Our “local” library is actually a 36 town cluster with a delivery system that I suspect rival’s FedEx. A few keystrokes on my laptop and any book I desire is winding its way to my local library. Ready for me to pick up in a day or two.
Incredibly convenient for my fiction addiction it only recently occurred to me that it’s also great for cookbooks. After buying one too many cookbooks that didn’t live up to the cover, I thought a library loan/trial run was a great way to spend my money wisely.
Here’s what I do. Check out a list like this one at Eater.com, of the best new cookbooks coming out. Or check out the “hot new releases” section at Amazon.com. After a few clicks, I find some interesting candidates and then head to my library branch to pick them up.
Did you know that cookbooks are the 2nd most popular genre of publishing after mysteries? And consumers purchase around 60 million cookbooks per year? Woah!
I am a cookbook dork, my husband knows just to abandon me at the food section when we walk into a bookstore. Once I get my hands on a new cookbook I read it through; looking at recipes and the front of book section for clues into how the author/chef thinks. I’ll try out a recipe or two and if I like the results I’ll go ahead and purchase the cookbook. I do believe in supporting my fellow writers/chefs/entrepreneurs but I want to make sure I’m bringing a useful tome into my house. Unfortunately, a lot of cookbooks have “filler” recipes that aren’t necessarily tasty. A tip I picked up from the folks at Cooks Illustrated.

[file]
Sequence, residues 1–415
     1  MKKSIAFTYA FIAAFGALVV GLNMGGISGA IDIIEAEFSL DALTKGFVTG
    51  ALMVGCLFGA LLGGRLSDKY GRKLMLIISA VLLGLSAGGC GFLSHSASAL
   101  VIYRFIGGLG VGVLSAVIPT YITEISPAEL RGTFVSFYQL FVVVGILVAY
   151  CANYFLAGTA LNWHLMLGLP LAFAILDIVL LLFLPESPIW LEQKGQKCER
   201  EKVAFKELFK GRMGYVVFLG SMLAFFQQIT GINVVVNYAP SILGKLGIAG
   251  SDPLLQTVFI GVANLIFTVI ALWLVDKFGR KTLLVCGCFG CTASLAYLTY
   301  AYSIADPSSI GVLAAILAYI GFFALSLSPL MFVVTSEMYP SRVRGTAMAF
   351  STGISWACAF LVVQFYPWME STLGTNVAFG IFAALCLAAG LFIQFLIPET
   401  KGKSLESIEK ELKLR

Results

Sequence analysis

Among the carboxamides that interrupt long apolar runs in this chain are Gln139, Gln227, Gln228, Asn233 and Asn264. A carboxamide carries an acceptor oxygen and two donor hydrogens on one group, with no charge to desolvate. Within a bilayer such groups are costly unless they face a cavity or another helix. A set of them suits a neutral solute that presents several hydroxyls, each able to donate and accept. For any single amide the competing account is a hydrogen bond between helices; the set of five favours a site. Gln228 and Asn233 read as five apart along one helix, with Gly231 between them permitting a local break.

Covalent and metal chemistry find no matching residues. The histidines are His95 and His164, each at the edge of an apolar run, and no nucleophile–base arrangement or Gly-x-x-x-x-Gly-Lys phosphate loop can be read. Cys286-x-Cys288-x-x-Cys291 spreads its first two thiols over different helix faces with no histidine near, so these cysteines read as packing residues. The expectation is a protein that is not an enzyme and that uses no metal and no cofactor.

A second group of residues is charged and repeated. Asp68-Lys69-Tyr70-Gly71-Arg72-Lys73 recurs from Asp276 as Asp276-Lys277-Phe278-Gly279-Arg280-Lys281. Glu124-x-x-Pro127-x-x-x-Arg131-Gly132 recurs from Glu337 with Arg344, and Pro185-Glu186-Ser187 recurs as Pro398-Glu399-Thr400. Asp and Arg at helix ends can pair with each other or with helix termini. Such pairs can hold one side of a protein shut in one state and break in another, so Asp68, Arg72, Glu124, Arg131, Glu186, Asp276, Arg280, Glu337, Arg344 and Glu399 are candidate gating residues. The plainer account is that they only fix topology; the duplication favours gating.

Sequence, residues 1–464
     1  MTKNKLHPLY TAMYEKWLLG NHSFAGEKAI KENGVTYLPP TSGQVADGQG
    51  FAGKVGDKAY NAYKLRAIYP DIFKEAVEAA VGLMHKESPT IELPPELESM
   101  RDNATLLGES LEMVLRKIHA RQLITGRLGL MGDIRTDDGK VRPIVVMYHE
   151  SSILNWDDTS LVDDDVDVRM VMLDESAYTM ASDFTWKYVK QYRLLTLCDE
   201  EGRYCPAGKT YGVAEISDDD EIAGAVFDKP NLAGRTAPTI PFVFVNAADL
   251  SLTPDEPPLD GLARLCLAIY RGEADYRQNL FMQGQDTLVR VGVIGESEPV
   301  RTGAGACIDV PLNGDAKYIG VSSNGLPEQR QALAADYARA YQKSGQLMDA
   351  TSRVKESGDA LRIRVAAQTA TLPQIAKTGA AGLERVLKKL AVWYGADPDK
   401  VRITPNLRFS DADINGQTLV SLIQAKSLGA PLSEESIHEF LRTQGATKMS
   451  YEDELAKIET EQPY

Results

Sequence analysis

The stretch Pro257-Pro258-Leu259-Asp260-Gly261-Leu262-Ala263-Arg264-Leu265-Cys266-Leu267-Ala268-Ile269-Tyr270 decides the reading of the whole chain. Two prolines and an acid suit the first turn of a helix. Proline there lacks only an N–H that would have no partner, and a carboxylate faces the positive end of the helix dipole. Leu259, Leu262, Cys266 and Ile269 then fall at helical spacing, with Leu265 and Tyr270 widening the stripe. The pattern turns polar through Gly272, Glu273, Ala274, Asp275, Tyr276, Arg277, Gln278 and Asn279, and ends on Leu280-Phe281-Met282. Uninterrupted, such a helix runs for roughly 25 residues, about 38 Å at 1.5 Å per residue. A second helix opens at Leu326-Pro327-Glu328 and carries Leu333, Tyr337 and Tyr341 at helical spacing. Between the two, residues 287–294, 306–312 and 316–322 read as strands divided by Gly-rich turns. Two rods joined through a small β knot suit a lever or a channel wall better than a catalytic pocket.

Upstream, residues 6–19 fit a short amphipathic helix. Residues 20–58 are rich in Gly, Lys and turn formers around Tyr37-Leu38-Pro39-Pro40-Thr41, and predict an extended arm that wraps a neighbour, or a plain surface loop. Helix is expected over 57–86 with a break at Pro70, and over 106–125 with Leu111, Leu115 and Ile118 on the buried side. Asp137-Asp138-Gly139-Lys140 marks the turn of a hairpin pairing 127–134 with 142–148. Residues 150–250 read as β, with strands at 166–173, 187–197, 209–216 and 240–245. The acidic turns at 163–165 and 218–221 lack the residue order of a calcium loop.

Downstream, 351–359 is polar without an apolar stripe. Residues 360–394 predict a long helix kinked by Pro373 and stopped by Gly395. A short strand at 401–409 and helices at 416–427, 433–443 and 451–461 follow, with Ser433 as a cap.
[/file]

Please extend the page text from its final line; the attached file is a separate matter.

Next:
Related: Do Food Bloggers Post Bad Recipes?
When I’m doing recipe research, I head for the internet, but I also consult my cookbooks that I know I can rely on for good food. I bring a combination of my experience, my cookbooks, and my research when putting together recipes for True Food Movement. When we say we taste-test our recipes we mean it. If it doesn’t taste good (no matter how pretty the picture) we don’t publish.
So how do you acquire cookbooks? Do you binge at the local bookstore or on Amazon? Have you tried the library as a resource? We’d love to know how you collect your recipes.